The initiative shows that both governments are serious about science partnerships and could encourage higher-education institutions to build their own bridges, says Philip Altbach, emeritus professor at Boston College in Massachusetts, where he studied global higher-education systems. India has typically preferred to focus its research efforts within its own shores, influenced by a ‘do-it-yourself’ ideology, but is becoming more outward looking, says Altbach.

In 2020, for instance, the Indian government launched an education strategy that promotes international collaboration. Part of this strategy is to merge, by 2040, higher-education institutions that were established according to discipline into multidisciplinary universities, says Shakila Shamsu, a former officer of India’s Department of Higher Education, who co-authored the education strategy.

The strategy aims to increase funding for education from roughly 3% of India’s gross domestic product (GDP) to 6%, and to build links and programmes with overseas institutions to make India a global destination for foreign students and faculty members, says Shamsu. It has also laid the groundwork for overseas universities to open campuses in India. Two Australian institutions, Deakin University and Wollongong University, announced earlier this year that they will be the first institutions to take advantage of this reform.

Large-scale changes will take time, says Shamsu, but some progress is already being made. In August, the Indian Parliament approved a recommendation by the 2020 National Education Policy for a new National Research Foundation that will sit in the Department of Science and Technology and allocate 500 billion rupees (US$6 billion) to research over five years from both public and private sources.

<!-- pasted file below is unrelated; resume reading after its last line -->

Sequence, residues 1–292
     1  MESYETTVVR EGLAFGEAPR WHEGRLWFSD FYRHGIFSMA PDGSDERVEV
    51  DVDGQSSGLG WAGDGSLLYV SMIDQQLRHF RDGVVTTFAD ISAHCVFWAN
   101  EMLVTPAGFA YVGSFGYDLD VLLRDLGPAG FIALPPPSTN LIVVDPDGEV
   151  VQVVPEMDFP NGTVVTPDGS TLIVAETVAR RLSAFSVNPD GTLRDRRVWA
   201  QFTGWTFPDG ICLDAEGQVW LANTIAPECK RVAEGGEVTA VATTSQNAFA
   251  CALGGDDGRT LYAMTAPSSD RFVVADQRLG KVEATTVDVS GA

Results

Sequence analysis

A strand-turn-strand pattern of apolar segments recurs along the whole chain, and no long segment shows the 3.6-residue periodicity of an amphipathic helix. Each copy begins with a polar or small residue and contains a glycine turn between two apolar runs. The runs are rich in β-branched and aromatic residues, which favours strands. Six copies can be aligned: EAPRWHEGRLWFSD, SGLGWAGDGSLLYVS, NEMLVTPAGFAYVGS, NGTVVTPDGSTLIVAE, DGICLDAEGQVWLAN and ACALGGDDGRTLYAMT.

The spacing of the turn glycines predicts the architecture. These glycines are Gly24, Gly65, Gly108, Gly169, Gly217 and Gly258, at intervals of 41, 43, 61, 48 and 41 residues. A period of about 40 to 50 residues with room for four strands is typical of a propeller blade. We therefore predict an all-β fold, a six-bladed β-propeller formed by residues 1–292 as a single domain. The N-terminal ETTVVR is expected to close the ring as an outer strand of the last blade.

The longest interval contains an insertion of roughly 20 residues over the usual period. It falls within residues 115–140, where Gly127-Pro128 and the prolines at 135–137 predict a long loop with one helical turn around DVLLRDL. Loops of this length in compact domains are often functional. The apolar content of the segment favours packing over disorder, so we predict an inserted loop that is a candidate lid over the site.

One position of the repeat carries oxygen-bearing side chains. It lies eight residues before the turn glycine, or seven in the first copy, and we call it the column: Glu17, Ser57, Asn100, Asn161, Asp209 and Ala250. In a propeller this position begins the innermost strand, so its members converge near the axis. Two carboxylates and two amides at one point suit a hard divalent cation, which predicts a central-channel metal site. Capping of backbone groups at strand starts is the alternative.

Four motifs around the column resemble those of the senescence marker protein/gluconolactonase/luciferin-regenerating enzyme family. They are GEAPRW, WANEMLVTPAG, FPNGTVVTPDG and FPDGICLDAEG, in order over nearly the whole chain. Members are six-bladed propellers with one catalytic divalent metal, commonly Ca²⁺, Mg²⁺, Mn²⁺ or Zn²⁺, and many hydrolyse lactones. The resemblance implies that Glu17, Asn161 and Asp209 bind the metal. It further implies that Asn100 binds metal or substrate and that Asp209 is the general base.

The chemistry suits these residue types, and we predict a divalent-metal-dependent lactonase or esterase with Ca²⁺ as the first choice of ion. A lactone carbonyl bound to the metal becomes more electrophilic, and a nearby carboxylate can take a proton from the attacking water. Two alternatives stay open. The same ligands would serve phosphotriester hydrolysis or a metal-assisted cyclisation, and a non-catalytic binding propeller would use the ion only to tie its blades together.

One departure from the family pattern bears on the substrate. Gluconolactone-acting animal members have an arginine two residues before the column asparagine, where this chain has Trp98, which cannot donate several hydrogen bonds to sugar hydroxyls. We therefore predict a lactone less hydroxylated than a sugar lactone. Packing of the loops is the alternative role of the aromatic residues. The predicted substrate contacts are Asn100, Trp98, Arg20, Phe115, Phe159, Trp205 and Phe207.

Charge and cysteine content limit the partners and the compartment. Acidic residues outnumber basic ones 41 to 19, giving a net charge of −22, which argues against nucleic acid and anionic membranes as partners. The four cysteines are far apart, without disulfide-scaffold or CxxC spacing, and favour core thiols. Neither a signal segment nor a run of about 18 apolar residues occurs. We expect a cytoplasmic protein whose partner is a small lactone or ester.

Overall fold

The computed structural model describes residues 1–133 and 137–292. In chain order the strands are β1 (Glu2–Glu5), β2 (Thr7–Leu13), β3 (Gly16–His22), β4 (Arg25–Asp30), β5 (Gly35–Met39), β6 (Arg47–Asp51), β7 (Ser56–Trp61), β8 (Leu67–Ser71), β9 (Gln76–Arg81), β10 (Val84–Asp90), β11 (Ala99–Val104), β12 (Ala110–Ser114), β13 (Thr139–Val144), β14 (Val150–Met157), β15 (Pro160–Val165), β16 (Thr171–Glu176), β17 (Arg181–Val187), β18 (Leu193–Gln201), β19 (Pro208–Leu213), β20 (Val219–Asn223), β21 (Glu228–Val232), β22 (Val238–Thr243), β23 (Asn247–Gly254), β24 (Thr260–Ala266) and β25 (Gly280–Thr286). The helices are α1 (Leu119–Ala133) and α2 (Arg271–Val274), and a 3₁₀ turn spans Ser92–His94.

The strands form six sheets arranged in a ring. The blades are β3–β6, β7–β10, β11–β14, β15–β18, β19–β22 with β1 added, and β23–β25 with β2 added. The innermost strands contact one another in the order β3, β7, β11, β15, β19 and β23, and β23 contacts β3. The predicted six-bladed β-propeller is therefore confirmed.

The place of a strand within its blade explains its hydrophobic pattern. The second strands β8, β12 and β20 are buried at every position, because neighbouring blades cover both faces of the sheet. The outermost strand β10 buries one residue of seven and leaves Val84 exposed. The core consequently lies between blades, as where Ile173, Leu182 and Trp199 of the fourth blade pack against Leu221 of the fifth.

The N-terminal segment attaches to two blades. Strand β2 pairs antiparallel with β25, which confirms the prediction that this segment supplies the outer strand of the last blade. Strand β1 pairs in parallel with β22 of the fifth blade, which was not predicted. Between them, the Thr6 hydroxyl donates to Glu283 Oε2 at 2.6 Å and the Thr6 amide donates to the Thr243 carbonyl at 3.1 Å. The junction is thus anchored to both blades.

Substantial differences remain between the research and education systems in the United States and India that threaten to hamper collaboration, however. Decades of underfunding has left India without a world-class university, despite the size of its education system, says Dutt. In the Nature Index, India has only one university among the leading 150 academic institutions globally for the natural sciences: the Indian Institute of Science, in Bengaluru, ranked 122nd in 2022. The country invests less than 1% of its GDP in research and development, much less than China (2.4%) and the United States (3.4%).

Financial constraints mean that most researchers lack equipment and other infrastructure needed to carry out groundbreaking research, says Altbach. “They are just not prepared for global collaboration,” he says.

New models for collaboration backed by generous funding could help to overcome these obstacles, says Arola.

In September, the Council of Indian Institutes of Technology, which governs 23 Indian Institutes of Technology, and the Association of American Universities (AAU), an organization that comprises 65 leading US universities, announced that they will establish an India–US Global Challenges Institute, with an initial combined budget of at least US$10 million. The institute will bring together leading research and higher-education institutions from the two nations in a virtual network to collaborate on joint research programmes to address challenges that could affect the security, prosperity and stability of both countries, the AAU said in a statement. The idea for the institute was proposed in a report published by the AAU in June. Arola, a co-author of the report, says the success of the initiative depends on securing sufficient long-term funding. “Funding commitments need to be large enough to make an impact,” she says.

Virtual network